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December 7, 2016

$108M transfer station opens in Wallingford

Photo courtesy of Integrated Design Engineers [enlarge]
There will be a community event Saturday at the site.

Seattle Public Utilities has opened the $108 million North Transfer Station at 1350 N. 34th St. in Wallingford.

It will handle garbage, recycling, and food and yard waste. The complex houses a tipping/transfer building, a reuse/recycling building and an administration building.

SPU will hold a community celebration at the station from 10-11:30 a.m. on Saturday.

“The new North Transfer Station is a big investment in the future of Seattle,” said Mami Hara, SPU general manager and CEO, in a statement.

“This facility allows us to have less of an impact on the environment, while safely and sustainably handling the increasing waste demands of our growing city.”

The utility expects the transfer station to serve the city for at least 50 years.

The old north station, which had been on the same site, was built long before recycling was introduced, and was designed to process all solid waste as garbage.

Today, Seattle recycles almost 60 percent of its solid waste, separating it into multiple waste streams. The new transfer station is designed to provide space to separate waste efficiently.

Residential and commercial haulers will use separate entrances to improve traffic flow and safety. New routing for customers is expected to decrease lines of vehicles that spill out onto neighboring streets.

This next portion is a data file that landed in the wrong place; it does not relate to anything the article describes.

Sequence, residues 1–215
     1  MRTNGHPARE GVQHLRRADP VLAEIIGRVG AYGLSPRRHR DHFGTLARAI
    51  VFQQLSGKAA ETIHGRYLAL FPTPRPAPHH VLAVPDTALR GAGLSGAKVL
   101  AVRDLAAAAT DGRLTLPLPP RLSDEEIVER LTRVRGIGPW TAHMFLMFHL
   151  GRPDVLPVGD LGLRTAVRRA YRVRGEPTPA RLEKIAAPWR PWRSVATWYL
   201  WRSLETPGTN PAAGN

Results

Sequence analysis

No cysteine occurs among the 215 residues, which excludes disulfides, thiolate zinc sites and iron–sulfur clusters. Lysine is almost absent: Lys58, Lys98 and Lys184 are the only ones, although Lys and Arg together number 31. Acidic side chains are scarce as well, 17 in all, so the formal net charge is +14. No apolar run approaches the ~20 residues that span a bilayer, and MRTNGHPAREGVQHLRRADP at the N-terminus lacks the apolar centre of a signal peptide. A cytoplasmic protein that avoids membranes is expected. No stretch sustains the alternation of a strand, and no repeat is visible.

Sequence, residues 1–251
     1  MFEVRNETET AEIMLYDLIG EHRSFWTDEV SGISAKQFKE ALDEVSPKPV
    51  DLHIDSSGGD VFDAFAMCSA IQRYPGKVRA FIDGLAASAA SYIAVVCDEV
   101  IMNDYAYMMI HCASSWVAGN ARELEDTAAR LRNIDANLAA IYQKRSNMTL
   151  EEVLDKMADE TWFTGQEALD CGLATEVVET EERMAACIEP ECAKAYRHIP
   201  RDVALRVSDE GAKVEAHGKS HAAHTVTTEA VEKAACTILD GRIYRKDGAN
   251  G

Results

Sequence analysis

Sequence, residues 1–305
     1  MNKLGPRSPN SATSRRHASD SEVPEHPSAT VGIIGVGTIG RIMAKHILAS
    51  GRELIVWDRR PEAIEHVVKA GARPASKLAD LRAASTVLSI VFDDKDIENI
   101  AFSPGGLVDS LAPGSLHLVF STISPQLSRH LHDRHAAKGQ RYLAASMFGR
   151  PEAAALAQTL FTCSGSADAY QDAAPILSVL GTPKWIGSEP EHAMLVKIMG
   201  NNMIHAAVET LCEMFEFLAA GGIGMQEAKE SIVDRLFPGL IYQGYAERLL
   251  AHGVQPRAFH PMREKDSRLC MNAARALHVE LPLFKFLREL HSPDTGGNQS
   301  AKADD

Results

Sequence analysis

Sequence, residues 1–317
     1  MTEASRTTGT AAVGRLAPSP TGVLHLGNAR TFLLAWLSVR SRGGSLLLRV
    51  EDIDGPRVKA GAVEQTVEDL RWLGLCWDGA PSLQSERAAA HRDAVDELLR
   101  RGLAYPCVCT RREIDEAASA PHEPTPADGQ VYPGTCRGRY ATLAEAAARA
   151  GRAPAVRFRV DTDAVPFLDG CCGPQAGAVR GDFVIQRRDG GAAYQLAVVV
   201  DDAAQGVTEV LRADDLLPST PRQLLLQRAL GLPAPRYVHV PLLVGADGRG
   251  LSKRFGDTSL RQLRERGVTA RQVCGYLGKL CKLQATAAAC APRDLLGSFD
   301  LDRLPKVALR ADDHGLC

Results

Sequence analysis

The new station has more covered and enclosed spaces than the old station, better ventilation, and entrances and exits designed to reduce noise and odor in the neighborhood.

Two 90-ton compactors were salvaged from the old station, and reused in the new station to cut costs.

The project will seek a LEED gold certification. The station includes two green roofs, pervious paving, translucent panels for natural light, and solar panels that can produce up to 150 kilowatts of electricity.

East of the station, the utility created about an acre of open space to buffer the site from neighbors. The park has a children's play area, sports court, lawn, walkways and exercise stations.

Artist Jean Shin created a series of lacelike artworks for the site called “Reclaimed” that were composed of nearly 10,000 feet of recycled rebar salvaged from the site during demolition and painted bright orange.

Seattle Public Utilities was the project owner. CDM Smith was the prime consultant, Mahlum was the architect and Lydig Construction was general contractor. Integrated Design Engineers was the engineer of record for station's steel structures. CDM Smith was the structural engineer for the concrete, and the Greenbusch Group was the mechanical engineer. HBB Landscape Architecture was the landscape architect.

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